Regarding 'out of order' classifications.
If a proposed motion is unsuitable, for example defamatory, not clear, illegal in some way or may have been discussed at a relatively recent AGM, then there could be grounds for considering it out of order. Both motions by Colin Clarke could have provided a benefit for example;
That the CTC seeks a revision of the National Planning Policy Framework and Planning law so that it gives equal rights of appeal for proposers and objectors in the planning process for major developments.
Currently, the planning procedures permit applicants the right to appeal against refusal, however objectors are permitted to object but no right of appeal. A major prison development at Full Sutton in East Yorkshire was granted outline planning permission without undertaking an environmental impact assessment. If built, it will result in deterioration in conditions for both walking and cycling in the surrounding area due to the extra 1000 plus motor vehicle trips per day.
A fuller explanation was provided to CUK via email. Major developments are mostly presented by multi-million pound organisations who employ profession staff. If planning is refused they have 3 options of appeal, written, inquiry or via a planning inspector. In the proposed prison more than 3000 people objected, Sustrans, the police and all the local councils. They have no right of appeal. False and misleading information was published in support of the application.The system is unjust and subject to bias. The ERYC council (Conservative) voted in favour, mainly on party lines, to oppose would be rocking the boat for their party. See https://stamfordbridgebypass.wordpress. ... ll-sutton/
CUK position should be to help cyclists challenge a planning system that is very much one sided and will adversely affect cycling. Members of Parliament should be made fully aware of the problems of allowing one side to have a major advantage over the general public. A right of appeal by objectors is needed to help protect the public from unsuitable major plans.
The second motion;
That the CTC seeks provision under the Freedom of Information
Act 2006 to improve access to data on the maintenance
standards and maintenance schedules for Highways/Local Authorities, by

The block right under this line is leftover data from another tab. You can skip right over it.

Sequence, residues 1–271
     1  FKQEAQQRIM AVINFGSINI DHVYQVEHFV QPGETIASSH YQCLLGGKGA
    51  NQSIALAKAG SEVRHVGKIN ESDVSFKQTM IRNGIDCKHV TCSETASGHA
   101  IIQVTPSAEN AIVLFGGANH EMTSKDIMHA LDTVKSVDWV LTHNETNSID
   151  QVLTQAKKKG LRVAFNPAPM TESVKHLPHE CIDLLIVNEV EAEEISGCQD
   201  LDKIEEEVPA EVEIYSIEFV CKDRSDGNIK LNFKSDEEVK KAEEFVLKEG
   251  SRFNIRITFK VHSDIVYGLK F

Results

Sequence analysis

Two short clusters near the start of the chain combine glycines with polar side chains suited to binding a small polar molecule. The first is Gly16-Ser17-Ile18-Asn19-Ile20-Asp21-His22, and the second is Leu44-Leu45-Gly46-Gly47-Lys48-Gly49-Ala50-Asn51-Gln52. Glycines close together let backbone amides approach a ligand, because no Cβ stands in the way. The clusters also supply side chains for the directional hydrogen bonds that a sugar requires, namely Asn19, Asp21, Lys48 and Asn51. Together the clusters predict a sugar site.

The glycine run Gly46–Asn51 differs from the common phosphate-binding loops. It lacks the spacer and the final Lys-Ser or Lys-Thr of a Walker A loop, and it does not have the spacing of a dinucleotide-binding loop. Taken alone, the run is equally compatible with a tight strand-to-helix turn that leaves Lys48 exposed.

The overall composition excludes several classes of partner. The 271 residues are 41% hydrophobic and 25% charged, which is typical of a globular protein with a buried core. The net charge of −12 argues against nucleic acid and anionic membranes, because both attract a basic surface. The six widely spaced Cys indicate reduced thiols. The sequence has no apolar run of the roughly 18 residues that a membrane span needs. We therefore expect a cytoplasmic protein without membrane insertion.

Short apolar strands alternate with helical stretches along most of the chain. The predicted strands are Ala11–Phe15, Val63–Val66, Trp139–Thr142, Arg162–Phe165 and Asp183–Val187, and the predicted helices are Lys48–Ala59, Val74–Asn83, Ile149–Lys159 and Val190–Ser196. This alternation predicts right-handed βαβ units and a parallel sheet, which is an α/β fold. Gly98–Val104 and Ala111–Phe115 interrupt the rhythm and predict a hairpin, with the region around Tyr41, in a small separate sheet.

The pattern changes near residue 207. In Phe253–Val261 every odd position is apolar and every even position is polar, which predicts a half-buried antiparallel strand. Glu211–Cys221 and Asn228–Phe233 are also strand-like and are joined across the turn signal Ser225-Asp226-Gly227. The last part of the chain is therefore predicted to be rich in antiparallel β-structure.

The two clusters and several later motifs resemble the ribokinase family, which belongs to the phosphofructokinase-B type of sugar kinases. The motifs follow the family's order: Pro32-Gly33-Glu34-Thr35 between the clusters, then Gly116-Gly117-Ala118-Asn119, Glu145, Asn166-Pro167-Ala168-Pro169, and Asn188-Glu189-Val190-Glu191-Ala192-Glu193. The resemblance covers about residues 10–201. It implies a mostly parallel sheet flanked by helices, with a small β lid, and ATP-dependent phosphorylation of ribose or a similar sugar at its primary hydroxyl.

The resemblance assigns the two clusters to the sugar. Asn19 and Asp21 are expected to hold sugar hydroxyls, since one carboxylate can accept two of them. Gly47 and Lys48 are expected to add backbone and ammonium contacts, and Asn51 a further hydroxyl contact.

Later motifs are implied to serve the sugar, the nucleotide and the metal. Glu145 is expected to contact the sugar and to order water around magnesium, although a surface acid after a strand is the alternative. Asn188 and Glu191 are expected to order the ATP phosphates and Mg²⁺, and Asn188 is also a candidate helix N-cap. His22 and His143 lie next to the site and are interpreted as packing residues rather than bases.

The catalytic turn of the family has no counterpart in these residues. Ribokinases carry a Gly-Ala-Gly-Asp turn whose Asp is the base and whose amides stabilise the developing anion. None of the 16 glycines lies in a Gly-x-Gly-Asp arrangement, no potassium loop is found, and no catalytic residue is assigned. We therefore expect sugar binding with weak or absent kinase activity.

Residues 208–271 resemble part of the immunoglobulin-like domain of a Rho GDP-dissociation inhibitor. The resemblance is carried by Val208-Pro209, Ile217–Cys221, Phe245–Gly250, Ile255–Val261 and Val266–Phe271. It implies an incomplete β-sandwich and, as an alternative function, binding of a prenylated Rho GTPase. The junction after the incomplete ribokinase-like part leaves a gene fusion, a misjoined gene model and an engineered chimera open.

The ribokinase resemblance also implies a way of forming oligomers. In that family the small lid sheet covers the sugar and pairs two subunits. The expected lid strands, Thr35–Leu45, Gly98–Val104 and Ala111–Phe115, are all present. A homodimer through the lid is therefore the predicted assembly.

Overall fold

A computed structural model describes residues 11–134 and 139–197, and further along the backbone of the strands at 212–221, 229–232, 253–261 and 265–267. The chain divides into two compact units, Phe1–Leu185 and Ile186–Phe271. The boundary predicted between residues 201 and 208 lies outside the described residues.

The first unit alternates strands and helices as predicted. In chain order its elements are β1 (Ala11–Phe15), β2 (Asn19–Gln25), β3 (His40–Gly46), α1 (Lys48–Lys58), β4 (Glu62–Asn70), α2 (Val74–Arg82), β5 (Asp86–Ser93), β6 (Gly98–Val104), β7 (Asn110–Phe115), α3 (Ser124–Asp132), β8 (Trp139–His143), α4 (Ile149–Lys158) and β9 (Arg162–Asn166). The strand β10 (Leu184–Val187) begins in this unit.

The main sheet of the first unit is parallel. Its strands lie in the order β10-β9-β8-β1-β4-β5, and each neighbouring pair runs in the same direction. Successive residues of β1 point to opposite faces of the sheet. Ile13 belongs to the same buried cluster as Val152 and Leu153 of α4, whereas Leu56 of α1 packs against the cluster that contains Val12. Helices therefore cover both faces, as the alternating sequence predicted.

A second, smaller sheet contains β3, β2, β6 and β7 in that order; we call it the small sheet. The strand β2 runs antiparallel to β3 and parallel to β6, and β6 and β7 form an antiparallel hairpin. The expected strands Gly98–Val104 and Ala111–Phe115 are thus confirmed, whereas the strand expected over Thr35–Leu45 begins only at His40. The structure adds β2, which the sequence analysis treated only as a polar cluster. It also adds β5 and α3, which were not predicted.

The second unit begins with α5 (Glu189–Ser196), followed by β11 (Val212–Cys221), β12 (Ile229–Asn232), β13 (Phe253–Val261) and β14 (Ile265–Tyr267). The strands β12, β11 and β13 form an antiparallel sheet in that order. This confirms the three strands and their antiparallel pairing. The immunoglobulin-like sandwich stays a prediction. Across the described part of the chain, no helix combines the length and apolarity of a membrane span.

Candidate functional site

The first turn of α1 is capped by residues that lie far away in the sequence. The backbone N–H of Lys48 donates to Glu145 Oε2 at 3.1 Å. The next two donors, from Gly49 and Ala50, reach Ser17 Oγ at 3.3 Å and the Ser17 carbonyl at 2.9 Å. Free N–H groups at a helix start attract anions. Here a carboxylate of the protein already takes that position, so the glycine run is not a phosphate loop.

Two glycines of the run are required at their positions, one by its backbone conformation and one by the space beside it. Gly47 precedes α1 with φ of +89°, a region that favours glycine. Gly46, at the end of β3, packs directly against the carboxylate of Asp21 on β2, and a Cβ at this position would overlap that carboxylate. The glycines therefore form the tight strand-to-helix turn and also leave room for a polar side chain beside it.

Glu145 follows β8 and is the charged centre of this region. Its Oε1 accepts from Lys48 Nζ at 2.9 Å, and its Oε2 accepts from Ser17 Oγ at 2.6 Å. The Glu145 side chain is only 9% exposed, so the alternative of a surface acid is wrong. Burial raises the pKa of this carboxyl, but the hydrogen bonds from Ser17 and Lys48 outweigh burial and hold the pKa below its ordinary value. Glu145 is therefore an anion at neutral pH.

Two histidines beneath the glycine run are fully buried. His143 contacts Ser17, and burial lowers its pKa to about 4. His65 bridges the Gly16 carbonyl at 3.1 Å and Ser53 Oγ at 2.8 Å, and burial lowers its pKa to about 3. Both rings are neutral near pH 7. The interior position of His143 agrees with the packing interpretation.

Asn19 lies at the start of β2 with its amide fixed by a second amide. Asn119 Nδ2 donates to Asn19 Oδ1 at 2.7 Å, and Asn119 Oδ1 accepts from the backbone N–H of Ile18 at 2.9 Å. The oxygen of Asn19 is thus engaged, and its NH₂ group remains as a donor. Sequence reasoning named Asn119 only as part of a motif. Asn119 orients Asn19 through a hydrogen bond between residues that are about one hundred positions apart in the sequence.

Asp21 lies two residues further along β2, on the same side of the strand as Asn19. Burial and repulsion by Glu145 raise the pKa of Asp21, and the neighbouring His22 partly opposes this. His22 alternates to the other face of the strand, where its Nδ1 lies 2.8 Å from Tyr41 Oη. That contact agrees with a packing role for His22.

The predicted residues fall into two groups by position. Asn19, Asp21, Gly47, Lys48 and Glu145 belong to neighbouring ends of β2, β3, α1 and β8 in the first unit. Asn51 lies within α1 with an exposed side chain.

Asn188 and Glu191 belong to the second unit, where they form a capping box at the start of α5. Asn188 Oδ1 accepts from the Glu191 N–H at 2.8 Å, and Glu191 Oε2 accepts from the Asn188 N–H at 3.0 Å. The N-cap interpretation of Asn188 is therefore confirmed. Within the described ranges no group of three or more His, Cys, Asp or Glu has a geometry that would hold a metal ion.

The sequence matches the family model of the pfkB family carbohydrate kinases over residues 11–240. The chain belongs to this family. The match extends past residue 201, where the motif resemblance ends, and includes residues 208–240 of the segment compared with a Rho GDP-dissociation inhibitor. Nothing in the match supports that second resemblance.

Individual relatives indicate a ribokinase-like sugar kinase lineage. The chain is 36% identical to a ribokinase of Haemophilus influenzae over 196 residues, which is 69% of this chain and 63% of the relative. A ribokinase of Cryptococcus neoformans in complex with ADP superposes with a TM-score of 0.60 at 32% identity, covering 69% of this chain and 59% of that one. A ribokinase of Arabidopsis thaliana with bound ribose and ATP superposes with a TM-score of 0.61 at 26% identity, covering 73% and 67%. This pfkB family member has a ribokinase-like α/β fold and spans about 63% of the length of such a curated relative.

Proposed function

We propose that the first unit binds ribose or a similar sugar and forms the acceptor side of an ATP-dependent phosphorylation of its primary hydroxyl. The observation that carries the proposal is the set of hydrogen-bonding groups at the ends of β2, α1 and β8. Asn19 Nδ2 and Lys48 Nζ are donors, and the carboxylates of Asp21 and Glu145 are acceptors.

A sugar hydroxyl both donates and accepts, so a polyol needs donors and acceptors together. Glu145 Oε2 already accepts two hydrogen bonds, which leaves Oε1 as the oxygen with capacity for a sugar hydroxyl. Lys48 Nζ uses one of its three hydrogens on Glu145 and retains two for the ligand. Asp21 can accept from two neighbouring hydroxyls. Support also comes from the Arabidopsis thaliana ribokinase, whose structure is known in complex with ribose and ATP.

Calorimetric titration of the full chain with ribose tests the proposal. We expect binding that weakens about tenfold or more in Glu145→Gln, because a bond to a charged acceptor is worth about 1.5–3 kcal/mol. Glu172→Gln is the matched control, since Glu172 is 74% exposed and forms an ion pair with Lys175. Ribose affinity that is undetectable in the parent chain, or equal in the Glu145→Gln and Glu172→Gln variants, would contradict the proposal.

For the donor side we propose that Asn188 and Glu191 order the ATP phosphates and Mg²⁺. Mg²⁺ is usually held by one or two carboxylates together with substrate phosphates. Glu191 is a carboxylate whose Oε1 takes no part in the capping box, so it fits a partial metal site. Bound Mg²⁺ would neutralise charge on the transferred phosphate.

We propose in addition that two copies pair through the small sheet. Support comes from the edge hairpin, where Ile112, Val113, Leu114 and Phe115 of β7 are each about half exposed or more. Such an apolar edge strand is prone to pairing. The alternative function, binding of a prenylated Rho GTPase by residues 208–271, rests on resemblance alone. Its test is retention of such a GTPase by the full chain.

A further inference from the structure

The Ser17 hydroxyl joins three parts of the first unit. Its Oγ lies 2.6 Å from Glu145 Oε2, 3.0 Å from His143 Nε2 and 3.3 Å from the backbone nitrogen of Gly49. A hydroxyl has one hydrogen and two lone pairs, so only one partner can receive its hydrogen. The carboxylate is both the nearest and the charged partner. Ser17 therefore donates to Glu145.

• Obtaining a licence to publish information released under Freedom of Information.
• Making the information obtained via its website to members.
• Making FOI courses available to members at minimum charge
The standard of roads, particularly minor ones vary and, in some cases,
range from poor to potentially lifethreatening because of potholes.
Some local authorities are using poor procedures e.g. East Riding of
Yorkshire sometimes use the spray-on process and patching, without
compacting, which produces uneven surfaces and poor quality. Many
minor roads are in a poorer condition that they were 50 years ago and
improvements to methods, repairs and resurfacing procedures need to
be made. From 1984 to 1990 approximately 8.5% of Local Authorities road repairs were to minor
roads compared to 3.9% for 2014 to 2019. Lack of background knowledge
of the Freedom of Information Act by local campaigners may hinder their
ability to hold account Highways/Local Authorities as to the condition of roads.
The DfT collects details from all county councils and shows the totals. DfT ref RDC 0320 shows this data but on a national basis. Each local authority has this data and could be requested via FoI requests. CUK or any member would in effect only have to obtain the data from the DfT and publish on the web. This would have helped cyclists to know how their local authority was performing. Fixing potholes does not provide the basic data on how much each authority is spending on minor roads. CUK information does not cover the same period, e.g.
From 1984 to 1990 approximately 8.5% of Local Authorities road repairs were to minor roads compared to 3.9% for 2014 to 2019.
CUK does not covey this major change. The motion mentions the poor results from the spray on process, that can increase the risk to cyclist, by them riding out or moving to avoid the typical poor repair. The motion added extra information that CUK had not provided and could have prompted changes to improve safety, therefore it was worthy of including in the AGM.
Both motions were in order but CUK refused to allow members the opportunity to hear debate and vote on them.